In a video interview just out on eWeek, titled “RSA Taking a FAIR Approach to Defining Cyber-Risk”, RSA Chief Technology Officer Zulfikar Ramzan discusses what he calls the “exciting” new direction for RSA Archer: “cyber risk economics and cyber risk quantification. We’re seeing it repeatedly: People are beginning to think about security in risk terms… What’s new is the degree to which this is being picked up by a lot of our customers.”
He adds that “some of our major customers have already adopted FAIR and risk quantification. It’s still early, but I think this is a nascent opportunity for us.” RSA Archer in fact, just introduced at the last RSA Conference a cyber risk module based on FAIR for its widely used GRC tool. The rollout event for the module was one of the best attended product events of the conference.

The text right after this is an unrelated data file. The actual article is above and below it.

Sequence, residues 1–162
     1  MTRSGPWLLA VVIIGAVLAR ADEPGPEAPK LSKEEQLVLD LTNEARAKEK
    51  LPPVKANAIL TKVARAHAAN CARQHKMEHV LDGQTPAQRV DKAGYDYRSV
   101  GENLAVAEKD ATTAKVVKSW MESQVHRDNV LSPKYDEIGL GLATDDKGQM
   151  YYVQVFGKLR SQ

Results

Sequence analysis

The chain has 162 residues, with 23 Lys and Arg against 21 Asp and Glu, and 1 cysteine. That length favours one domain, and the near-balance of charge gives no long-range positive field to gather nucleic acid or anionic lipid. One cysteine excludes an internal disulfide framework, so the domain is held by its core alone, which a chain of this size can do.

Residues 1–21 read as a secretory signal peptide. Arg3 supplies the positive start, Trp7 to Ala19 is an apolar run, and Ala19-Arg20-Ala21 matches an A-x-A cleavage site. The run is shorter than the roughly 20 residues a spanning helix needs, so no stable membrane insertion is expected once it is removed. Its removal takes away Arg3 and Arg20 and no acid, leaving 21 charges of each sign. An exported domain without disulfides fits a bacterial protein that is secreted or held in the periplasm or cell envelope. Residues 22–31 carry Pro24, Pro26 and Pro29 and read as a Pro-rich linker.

RSA’s alignment with FAIR is a major move forward toward popularizing risk-based thinking, and helping the industry adapt to a revolution in expectations from Boards of Directors on down. Poor visibility into the risk landscape based on ambiguous, qualitative, High-Medium-Low reporting is increasingly just not acceptable in risk reporting. What I think of as The Dark Ages of Cyber Risk Decision-Making is drawing to a close and RSA deserves credit for helping lead the way forward.
In another sign of change, Ramzan describes meeting with a group of CISOs who mostly use NIST CSF as their primary vehicle for developing security strategy but now “what they’re looking for is just a rigorous way to start thinking about cyber. Even from CSF, you can start to drive [quantitative] metrics, and use those metrics as part of how you report to your board, and that to me is very, very powerful.”
Nick Sanna is President and Secretary of the FAIR Institute and CEO of RiskLens